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If it only returns your explanation, that is enough.
If it just returns "Don't Look In Here Until the
Cat finishes choosing" that is enough.
Remember, it only matters if you ask the cat.
Otherwise, the cat will stay in the black box.
But the syntactical equivalence makes it always
possible to ask.
From: Mike Brown [mailto:firstname.lastname@example.org]
Bullard, Claude L (Len) wrote:
> It's not that "access is at true test of identity": it is
> that without a test, identity is a worthless value.
What you observe is the URI. The only test you subject it to is "what
characters are in this string".
> There is no identity apart from observation.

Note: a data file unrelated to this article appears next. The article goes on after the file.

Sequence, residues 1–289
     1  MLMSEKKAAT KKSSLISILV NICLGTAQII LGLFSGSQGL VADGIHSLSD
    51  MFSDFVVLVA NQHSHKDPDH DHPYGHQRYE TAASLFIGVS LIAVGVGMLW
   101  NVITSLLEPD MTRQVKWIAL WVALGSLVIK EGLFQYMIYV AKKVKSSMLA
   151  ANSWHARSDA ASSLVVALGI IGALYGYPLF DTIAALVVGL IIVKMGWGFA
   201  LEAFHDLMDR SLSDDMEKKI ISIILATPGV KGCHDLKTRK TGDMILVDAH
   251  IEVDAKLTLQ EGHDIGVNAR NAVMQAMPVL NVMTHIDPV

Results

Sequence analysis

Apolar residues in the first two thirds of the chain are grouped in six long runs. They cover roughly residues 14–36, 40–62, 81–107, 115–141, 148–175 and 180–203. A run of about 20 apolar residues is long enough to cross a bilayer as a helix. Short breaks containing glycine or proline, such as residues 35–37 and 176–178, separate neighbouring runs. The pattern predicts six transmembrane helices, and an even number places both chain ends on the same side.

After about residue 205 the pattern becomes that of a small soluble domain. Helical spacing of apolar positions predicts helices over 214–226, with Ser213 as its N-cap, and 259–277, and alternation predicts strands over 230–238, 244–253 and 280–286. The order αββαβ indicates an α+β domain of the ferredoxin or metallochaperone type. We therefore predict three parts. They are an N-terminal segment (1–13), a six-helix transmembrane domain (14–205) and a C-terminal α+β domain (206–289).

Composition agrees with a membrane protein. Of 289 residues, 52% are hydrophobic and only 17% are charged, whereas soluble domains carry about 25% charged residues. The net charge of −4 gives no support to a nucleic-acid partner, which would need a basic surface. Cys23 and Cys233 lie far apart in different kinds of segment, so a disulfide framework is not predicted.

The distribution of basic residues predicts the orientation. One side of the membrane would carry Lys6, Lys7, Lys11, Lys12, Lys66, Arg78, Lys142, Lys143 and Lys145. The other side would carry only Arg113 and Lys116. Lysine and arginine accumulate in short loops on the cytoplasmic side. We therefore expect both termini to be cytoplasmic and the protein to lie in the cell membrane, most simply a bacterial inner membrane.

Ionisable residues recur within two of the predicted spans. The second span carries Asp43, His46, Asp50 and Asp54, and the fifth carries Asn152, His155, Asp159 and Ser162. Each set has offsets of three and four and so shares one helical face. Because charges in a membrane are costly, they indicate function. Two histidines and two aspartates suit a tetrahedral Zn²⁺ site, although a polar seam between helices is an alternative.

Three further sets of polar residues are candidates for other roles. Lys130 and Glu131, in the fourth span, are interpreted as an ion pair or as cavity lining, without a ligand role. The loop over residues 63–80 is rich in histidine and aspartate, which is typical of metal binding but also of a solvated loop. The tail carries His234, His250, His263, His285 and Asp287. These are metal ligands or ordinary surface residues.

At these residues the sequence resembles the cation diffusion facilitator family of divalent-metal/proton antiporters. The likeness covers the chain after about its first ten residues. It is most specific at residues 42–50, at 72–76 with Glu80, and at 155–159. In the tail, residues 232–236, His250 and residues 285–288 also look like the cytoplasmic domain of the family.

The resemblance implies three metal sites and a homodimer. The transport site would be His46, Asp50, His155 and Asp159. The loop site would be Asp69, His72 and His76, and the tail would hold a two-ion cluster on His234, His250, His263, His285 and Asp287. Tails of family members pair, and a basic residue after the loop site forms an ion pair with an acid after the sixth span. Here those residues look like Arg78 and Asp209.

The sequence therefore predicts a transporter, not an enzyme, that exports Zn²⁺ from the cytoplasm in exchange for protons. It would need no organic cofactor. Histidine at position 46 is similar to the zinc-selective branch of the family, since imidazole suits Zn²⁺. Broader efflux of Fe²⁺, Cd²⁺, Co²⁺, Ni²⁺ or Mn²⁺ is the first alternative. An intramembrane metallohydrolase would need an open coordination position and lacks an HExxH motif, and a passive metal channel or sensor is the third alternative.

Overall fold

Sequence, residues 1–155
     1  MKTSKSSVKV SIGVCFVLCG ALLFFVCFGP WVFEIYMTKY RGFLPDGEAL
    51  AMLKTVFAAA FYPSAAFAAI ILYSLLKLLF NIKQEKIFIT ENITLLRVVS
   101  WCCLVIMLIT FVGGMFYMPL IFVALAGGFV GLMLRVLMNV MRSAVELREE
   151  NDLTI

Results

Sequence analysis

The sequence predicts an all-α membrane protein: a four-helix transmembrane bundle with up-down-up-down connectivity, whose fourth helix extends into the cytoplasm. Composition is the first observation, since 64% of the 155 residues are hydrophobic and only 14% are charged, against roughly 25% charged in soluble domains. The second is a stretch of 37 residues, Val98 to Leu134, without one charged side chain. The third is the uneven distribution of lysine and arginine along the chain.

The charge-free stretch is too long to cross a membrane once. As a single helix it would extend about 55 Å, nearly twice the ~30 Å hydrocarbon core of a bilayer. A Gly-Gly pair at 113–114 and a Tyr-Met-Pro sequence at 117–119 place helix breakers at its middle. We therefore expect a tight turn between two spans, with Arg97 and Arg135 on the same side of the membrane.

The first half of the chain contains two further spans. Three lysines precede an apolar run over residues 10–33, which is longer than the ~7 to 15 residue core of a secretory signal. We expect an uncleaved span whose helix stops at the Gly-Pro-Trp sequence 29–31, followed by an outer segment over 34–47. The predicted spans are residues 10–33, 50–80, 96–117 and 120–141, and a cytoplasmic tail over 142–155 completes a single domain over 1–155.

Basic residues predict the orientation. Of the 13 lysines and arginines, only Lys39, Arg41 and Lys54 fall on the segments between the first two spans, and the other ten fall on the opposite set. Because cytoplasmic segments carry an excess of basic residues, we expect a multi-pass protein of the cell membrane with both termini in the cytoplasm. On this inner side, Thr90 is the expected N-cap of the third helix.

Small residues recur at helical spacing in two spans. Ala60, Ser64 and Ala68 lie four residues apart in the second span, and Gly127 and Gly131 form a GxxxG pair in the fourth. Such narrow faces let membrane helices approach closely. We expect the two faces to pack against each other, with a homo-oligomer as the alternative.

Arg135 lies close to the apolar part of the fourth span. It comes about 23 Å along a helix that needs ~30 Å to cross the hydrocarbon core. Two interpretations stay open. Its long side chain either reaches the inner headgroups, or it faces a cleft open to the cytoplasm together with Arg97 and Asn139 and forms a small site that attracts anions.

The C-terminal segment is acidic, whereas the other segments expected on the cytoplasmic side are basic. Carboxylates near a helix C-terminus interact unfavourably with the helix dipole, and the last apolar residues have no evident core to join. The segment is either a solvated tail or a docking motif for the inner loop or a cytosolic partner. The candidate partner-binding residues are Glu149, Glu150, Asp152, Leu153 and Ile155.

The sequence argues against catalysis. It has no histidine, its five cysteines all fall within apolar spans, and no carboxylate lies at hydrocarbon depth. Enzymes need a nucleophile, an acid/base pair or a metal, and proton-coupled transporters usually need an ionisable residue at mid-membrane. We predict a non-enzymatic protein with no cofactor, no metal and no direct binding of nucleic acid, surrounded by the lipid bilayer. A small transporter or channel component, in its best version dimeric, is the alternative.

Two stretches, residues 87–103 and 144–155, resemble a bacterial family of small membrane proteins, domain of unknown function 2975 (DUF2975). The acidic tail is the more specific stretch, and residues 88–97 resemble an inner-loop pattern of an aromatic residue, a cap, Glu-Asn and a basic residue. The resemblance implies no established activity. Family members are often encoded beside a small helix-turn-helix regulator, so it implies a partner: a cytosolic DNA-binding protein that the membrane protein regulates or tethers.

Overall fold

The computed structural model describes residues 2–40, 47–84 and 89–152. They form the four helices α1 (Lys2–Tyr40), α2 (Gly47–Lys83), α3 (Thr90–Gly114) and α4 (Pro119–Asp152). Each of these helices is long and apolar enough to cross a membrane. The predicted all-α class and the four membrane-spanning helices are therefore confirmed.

Until your resource is abstract.
> Identity is assigned.
Yes. By assigning a URI to something, you are giving that something the only
identity that matters. Period. Why is that not good enough for you?
The whole point of assigning the URI is to make it so you don't need to be
accessing the resource itself; its so that this handy identifier will suffice,
allowing you to talk about the resource without accessing it.
Besides, maybe access is impossible because the resource is not in the least
bit tangible. Given that RFC 2396 says a resource is anything that can have
identity, I can assign a URI to the idea of World Peace And Honest
Politicians and fill up an RDF database with statements about that concept,
without ever having to test it. And if I want that URI to take the form of a
URL, so what. If I want it to be a URN, it's no different; URNs are no less
unresolvable than URIs, by your own admission.